Not even a week into the 14th edition of the Indian Premier League (IPL), one thing is pretty well known: batting second on the slow and abrasive track at Chepauk has only gotten harder.
The black soil surfaces used at one of India’s iconic venues have been spinner’s paradise, offering the tweakers grip and turn off a length besides keeping low and making it difficult for the batters to negotiate them.
With the Chennai Super Kings (CSK) playing all their matches at neutral grounds, it was thought that Chepauk may just play truer this IPL season and allow batters to flourish.
But no, teams have struggled to get scores in excess of 160 at Chepauk so far.
After a freakish innings from AB de Villiers bailed out Royal Challengers Bangalore (RCB) versus Mumbai Indians (MI), three of the four matches played at Chepauk in IPL 2021 have seen the team batting first winning and winning comfortably.
The tilt in favour of the team batting first at Chepauk makes sense, given the overall conditions. Yet, on all four occasions, interestingly, the captain winning the toss has chosen to bowl first, relying heavily on the usual tactic in T20 to set up the game with the ball and have a specific target in mind for the second half.
Why Have Teams Chosen To Bowl First At Chepauk?
While the idea behind chasing in T20 cricket has always been strong – it helps teams pace their innings correctly, identify the right approach for the task ahead – the conditions at Chepauk should start putting in a seed of doubt in minds of the batting teams as, unlike most venues, they can’t bank on the one down south of India to stay true for the entire game.
What also prompts teams to chase in T20 cricket is that most games are played in the night, with the dew falling on the outfield and making it tougher for the bowlers, spinners in particular, to grip the ball and execute their plans. But there hasn’t been much dew seen at Chepauk. If there has been some, it has been mostly nullified by the amount of help from the track. It’s another area where teams must show more flexibility at Chepauk: Play for the surface. Not the dew.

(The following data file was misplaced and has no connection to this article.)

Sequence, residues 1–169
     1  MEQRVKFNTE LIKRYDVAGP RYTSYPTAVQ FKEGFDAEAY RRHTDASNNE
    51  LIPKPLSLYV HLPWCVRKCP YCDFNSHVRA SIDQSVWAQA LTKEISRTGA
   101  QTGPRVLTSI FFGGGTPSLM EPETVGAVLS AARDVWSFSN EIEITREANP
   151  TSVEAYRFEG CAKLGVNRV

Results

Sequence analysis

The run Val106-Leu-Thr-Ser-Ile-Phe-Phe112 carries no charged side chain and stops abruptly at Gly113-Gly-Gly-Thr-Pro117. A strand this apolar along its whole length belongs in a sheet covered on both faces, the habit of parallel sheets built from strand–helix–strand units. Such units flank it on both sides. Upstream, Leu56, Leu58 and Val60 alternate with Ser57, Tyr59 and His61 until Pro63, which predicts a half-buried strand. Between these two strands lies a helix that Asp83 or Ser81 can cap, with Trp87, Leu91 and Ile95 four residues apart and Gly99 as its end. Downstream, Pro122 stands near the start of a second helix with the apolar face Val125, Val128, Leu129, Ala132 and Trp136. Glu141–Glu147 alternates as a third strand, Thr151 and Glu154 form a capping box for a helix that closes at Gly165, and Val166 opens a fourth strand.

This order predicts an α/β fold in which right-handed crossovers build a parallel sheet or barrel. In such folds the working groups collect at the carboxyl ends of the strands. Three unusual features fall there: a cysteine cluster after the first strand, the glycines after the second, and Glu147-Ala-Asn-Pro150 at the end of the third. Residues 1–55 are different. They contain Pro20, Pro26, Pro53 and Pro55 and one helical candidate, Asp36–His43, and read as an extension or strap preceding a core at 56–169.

The latest fixture in IPL 2021 was a fine example of how the ground at Chepauk is playing host to a different kind of surface, for which teams must be more adaptable. Both in terms of the skill and their planning.
Sunrisers Hyderabad (SRH) won the toss and asked RCB to bat first despite the surface clearing suggesting the need for the contrary. The RCB batting unit did also bat as if they’ve misjudged the track and are batting for a more flatter track somewhere else. They looked under pressure to try and out-bat the opposition from the game. RCB tried to overachieve with the bat but eventually had to settle with a score of 149/8.
SRH, when their turn to bat came, batted with the usually seen tempo in run-chases from T20 teams, setting up a foundation for potential acceleration later in the innings with wickets in hand. Things went according to the plan for about 15 overs, before their innings, like it did for KKR versus MI in the previous match at Chepauk, fizzled out and they conceded the match by 6 runs.
SRH lost their last six wickets post the 15th-over mark. RCB had lost four of their eight within the last five overs as well. It’s been a trend at Chepauk, where teams have lost a flurry of wickets – 38 in total in four games of IPL 2021 so far – post the 15th-over mark.
The trend only makes cricketing sense as batsmen have seen troubles accentuate for them in the back half of the innings where Chepauk’s slow, low tracks have been the worst for ball-striking. Failing to connect their intended big shots, many batters have gotten out near the boundary ropes.
‘Chepauk’ is a challenge demanding teams to shift from their usual method of operation. The ground might be encouraging more of an attritional style of play than the usual slam-bang stuff. But it’s alright, sometimes, for even T20 cricket to be like that. It’s cricket at the end of the day. And it’s meant to be tough.